Monday, April 7, 2008



Tasty tricks for cutting fat

and calories from recipes


Story Highlights

       Use lower-fat substitute ingredients to replace oil, eggs in recipes

       Suggestions: mashed bananas, baby food prunes, applesauce, canned pumpkin

       In baking, it's also OK to cut sugar by half



Judy Fortin, CNN


ATLANTA, Georgia (CNN) -- Mashed bananas or baby food prunes don't sound very appetizing on their own, but substitute one of those ingredients for the vegetable oil in a store-bought brownie mix and it will add moisture while cutting the fat and calories.

Swapping out some high fat ingredients in store-bought mixes can add moisture while cutting the fat and calories.

"Certainly brownies will never be health food," said Colleen Doyle, registered dietician and co-author of "The Great American Eat Right Cookbook." "If you are pulling out some of the fat in a product and adding fruit you are getting more nutrition."

Doyle, the director of Nutrition and Physical Activity for the American Cancer Society, said that there are dozens of ways to cut the fat and calories from recipes, but she agreed that if it doesn't taste good no one will eat it.

She recommended home chefs experiment with different fat replacements. "If people have never done any kind of substitutions like oil and applesauce, I tell them to do it half and half. Do half the amount of oil and half the amount of applesauce."

While mixing up a batch of brownies, Doyle swapped out an equal amount of applesauce for oil. She calculated, "That's going to save us overall in this recipe close to 900 calories and 100 grams of fat."

Swapping out some high fat ingredients in store-bought mixes can add moisture while cutting the fat and calories.

Doyle's brownies with applesauce add up to 124 calories each and 3 grams of fat compared with 174 calories for the regular brownies and about 9 grams of fat.

Doyle also used only the whites of two eggs, throwing out the yolks. "You're saving 60 calories and you won't even notice the difference," she said.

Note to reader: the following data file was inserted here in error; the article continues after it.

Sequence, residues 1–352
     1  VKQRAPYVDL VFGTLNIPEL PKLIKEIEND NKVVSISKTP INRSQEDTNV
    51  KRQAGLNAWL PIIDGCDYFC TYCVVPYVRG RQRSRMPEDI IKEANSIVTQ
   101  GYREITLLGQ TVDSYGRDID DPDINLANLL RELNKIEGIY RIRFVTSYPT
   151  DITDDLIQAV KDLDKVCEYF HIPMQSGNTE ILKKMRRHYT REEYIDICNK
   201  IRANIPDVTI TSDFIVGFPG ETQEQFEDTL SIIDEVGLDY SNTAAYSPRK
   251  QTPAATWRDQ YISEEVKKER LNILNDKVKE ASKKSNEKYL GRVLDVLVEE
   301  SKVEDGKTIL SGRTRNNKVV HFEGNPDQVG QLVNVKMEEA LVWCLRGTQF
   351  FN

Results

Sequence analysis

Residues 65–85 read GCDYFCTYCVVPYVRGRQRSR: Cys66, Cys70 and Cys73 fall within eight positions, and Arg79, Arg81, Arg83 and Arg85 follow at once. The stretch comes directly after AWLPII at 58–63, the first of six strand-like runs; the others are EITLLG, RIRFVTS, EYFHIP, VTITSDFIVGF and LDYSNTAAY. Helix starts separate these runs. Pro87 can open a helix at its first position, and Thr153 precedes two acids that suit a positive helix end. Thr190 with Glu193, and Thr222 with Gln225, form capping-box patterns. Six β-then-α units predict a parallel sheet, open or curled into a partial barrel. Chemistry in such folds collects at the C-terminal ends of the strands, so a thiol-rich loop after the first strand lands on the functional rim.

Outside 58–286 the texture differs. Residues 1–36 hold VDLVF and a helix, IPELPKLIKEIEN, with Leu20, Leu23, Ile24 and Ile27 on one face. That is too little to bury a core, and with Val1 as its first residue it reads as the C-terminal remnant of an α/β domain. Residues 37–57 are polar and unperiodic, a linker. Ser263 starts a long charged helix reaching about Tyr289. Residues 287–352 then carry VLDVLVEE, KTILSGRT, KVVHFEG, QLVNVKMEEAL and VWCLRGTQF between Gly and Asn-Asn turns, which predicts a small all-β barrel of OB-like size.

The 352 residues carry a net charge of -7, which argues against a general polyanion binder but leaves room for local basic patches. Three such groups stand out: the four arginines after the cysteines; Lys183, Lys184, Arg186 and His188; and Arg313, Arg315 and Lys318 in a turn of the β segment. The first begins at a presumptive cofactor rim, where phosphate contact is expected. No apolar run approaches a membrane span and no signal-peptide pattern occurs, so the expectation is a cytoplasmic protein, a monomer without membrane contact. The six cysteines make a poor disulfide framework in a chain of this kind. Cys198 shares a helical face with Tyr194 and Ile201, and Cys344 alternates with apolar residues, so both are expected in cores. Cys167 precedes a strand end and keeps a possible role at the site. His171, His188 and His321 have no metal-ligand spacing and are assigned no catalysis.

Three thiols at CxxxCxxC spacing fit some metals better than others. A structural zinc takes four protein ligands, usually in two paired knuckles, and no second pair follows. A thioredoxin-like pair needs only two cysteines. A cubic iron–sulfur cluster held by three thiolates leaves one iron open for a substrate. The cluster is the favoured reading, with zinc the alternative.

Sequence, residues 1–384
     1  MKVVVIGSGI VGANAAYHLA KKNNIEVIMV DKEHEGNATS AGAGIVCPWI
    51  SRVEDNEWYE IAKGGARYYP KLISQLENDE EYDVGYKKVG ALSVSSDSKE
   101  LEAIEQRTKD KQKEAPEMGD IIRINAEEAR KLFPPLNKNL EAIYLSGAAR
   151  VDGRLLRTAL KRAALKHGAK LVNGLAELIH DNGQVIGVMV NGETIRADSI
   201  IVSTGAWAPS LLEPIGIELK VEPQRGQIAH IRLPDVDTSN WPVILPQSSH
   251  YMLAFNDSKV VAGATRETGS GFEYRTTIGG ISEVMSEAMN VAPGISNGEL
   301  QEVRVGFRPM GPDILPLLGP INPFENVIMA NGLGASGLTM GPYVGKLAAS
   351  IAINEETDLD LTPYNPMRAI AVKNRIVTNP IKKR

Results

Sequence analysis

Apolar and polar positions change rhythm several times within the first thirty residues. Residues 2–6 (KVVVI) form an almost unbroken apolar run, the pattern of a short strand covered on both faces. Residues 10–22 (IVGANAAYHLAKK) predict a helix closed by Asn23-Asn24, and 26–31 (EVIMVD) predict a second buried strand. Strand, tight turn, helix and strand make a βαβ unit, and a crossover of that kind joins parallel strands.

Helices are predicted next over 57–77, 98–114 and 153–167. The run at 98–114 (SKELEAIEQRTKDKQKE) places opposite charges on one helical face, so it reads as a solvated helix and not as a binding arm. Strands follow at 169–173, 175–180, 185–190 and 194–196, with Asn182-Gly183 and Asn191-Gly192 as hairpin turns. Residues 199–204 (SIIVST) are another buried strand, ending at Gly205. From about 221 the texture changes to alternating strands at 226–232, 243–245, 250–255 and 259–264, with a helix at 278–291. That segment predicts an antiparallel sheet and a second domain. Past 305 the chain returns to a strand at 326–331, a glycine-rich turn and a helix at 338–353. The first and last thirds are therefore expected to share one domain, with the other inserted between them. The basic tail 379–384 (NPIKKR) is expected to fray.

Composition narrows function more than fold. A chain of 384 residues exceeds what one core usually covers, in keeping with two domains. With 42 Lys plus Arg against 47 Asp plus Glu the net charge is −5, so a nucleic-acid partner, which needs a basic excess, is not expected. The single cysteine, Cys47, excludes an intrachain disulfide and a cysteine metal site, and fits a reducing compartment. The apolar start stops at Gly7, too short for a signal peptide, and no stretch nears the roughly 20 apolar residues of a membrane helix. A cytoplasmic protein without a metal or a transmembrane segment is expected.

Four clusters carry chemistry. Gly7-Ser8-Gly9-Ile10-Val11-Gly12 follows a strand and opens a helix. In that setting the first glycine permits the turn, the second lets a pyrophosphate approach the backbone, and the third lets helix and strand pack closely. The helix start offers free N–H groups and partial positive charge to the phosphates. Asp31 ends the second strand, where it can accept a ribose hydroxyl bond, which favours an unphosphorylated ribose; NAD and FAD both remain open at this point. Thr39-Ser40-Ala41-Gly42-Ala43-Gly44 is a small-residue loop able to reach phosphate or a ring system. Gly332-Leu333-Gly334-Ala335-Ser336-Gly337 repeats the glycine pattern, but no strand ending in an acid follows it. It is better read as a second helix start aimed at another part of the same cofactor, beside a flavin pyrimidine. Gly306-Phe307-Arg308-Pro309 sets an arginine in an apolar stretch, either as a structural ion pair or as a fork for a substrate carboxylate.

Before baking, she topped the brownies with half the amount of walnuts. "I take the amount of nuts that are called for in a recipe, cut it in half and I toast those nuts," Doyle explained. "Toasting brings out a lot of flavor and a lot of crunch."

She cautioned chefs that products with less fat tend to cook more quickly. "Look at the cooking time. Typically you want to start checking about five minutes ahead of the recommended time. Otherwise, you'll have a tough, chewy brownie or cookie."

Doyle shared another idea for lowering calories: Replace vegetable oil with canned pumpkin. She said that with baked goods, cutting the sugar in half is also OK.

In her book, Doyle suggested substituting evaporated milk for cream in sauces and soups. Adding a combination of pureed cooked potatoes, onion and celery is another, healthier alternative.

For cutting back on fat and calories in meat, Doyle tells shoppers to choose cuts with the words "loin" or "round" on the package. When selecting ground beef, she buys only products that are at least 90 percent fat free or substitutesground turkey breast.

She said it is alright to cook chicken or turkey with the skin on to keep it moist, but she always recommends pulling the skin off before eating to reduce the fat.

Doyle offered up a recipe for a family favorite, homemade chicken nuggets. "Store-bought chicken nuggets have on average about 320 calories per serving and about 21 grams of fat," she said. "If you make the homemade version instead, you're going to save about 90 calories and about 13 grams of fat."

She started by cutting boneless, skinless chicken breasts into two-inch pieces. She dipped the meat into an egg and herb mixture and rolled them in crushed pieces of Melba toast coated with canola oil. Bake in a 350 degree oven for 15 minutes.

"They taste great and kids don't even know that they're healthier for them," exclaimed Doyle. "You can substitute anything, but if it isn't tasty no one is going to eat it and you are not going to enjoy serving it."



Judy Fortin is a correspondent with CNN Medical News.








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